There was a time when craftsmanship was a source of pride. Furniture used to be both aesthetically pleasing and built to last for generations. When we were deciding on what to do about our kitchen I soon realized this isn't the standard anymore. I was quite disappointed with my options.
After much research, we decided to contract a local carpenter/wood carver to build our kitchen cabinets. This has the added bonus of: supporting local artisan, having a smaller footprint by using locally sourced materials and well ...it's just way cooler!
I've been to visit the workshop several times and Kerry O'Tool at the O'Toole Gallery & Celtic Fox Studio our carpenter has been happy to walk me through his process, explaining his craft and techniques to me. He's been doing this for well over 30 years and tells me that he is a dinosaur in this modern age. Businesses simply can't afford to build cabinets this way anymore. People want it faster and cheaper.
His passion for carpentry is infectious but he is even more passionate about carving, his real passion. I've never met someone so eager to explain his craft and share his knowledge. Kerry actually offered to mentor high school kids. He wanted to give kids who have had hard lives a skill and a way to focus their energy in a better way. No one took him up on it.
Blue Streaks On Pine
Certain microscopic fungi can cause a bluish or greyish discolouration in the sapwood of the pine tree. It's not a decay fungi, it simply lives on the nutrients stored in the cells of the wood. It creates this great contrast that really pops when you apply stain.
Some carpenters will leave the wood out in the summer to achieve this, others hate it and go to great lengths to keep their pine perfectly white. I've seen a sample of pine with the blue discolouration stained and it's quite beautiful!
Square Pegs - Round Holes
Maybe that saying " You can't fit a square peg in a round hole" is wrong after all. This just goes to show that if you want to, you can fit a square peg into a round hole and get a beautiful result.
Perfectly filled holes.
Here's the cabinet for the farm style sink. It was a bit of a pain to get this all to fit just perfectly.
To build the panels for the cabinet he cuts wood into strips and glues them together. Then the planks are planed, cut and sanded. This is a technique that makes the wood stronger. When it's complete it looks like one solid piece of wood - you'd never guess it was strips.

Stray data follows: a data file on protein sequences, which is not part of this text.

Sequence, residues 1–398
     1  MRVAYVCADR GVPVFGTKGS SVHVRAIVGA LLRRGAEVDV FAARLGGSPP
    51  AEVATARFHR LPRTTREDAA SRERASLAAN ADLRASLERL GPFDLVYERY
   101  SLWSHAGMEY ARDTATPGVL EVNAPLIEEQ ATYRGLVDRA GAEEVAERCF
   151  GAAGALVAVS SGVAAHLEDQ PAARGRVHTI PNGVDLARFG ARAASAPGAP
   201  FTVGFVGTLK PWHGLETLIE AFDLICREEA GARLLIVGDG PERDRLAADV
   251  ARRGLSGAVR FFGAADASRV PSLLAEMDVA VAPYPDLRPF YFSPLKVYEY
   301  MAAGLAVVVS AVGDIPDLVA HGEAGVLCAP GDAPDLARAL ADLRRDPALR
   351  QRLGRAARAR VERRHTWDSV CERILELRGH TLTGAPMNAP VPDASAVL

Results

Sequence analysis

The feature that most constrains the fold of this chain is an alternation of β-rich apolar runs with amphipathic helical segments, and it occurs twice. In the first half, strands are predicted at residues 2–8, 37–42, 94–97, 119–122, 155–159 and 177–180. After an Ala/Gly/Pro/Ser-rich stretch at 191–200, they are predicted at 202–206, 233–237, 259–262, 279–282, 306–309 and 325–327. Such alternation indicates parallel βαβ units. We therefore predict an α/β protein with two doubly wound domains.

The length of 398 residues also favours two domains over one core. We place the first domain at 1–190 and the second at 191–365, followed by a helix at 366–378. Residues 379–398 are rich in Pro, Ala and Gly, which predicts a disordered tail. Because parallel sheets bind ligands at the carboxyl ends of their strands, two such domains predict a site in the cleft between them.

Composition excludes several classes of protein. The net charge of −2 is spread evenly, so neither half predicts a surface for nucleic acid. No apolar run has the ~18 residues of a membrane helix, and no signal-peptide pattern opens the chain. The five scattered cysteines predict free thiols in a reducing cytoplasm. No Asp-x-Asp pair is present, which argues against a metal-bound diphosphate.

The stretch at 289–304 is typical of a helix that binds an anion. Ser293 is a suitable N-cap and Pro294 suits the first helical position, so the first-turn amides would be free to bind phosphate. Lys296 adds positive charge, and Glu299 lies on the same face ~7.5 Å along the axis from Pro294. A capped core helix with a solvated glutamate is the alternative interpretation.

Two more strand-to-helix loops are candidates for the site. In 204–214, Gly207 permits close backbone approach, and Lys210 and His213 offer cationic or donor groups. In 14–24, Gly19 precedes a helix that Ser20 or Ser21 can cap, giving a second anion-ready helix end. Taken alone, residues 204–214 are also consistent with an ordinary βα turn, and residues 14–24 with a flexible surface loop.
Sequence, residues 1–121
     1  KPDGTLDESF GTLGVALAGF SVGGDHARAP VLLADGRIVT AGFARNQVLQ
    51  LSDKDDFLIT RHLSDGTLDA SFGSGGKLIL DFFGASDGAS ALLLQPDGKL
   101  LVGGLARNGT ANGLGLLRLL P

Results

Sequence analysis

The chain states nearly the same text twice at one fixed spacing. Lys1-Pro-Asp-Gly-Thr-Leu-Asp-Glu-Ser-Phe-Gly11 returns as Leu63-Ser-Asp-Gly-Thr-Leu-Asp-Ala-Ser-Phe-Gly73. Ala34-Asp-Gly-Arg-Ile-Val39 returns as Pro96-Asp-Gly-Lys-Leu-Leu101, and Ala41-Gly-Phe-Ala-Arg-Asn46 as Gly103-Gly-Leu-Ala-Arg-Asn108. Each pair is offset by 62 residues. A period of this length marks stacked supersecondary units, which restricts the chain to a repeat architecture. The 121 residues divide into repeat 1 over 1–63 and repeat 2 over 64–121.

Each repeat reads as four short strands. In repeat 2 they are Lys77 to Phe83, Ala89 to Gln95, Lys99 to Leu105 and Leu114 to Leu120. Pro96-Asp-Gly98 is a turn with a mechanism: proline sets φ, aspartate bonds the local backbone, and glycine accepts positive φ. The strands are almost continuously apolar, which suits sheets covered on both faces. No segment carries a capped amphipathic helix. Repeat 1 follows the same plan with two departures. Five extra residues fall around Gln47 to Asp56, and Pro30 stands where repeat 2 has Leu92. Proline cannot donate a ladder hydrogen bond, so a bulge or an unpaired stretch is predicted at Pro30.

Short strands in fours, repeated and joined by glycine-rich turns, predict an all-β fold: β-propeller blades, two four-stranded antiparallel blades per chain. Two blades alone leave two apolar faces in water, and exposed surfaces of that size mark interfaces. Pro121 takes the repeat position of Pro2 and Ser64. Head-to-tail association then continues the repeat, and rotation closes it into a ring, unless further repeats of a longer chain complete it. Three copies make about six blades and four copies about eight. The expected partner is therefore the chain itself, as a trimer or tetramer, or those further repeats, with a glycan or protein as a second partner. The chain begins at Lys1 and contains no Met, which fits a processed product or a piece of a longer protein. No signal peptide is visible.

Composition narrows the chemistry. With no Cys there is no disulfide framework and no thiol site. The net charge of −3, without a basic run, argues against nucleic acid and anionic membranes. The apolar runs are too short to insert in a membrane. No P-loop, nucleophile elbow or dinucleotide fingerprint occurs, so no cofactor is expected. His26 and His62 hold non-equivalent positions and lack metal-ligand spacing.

These will be the drawer fronts. It can be a bit hard to imagine how this plain, rough looking wood will become something so beautiful. I've seen examples of what the end product will look like so It's been far easier for me to envision.
This is a cabinet door. We just slid all the pieces together for the photo.
Here are the drawers. They've been sanded and smoothed. They are really heavy and the bases are solid wood.
Here's the inside of one of the cabinets.
I decided to let Kerry build the counter tops as well. I wanted granite or some other type of contrasting material but soon discovered that I could either get laminate for $19 a square foot or thick, solid wood, locally sourced counters for the same price ... not a hard choice. I quickly scrapped the idea of granite and quartz. Although beautiful the prices are more in-line with what you'd spend in a fancy house, not our sweet little log cabin.
When you are working with someone who is passionate and skilled at carving it makes sense to have some special carving added to your cabinetry. We've left this creative process up to Kerry although I did request that a raven make an appearance! :)
I don't know all the correct carpentry terminology so I won't try to explain any of that right now but everything is carefully notched and grooved. The smallest details have been considered. It's heavy and solid and built to stand the test of time.
Building a greener, more beautiful world one seed at a time.
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Photo copyright: @walkerland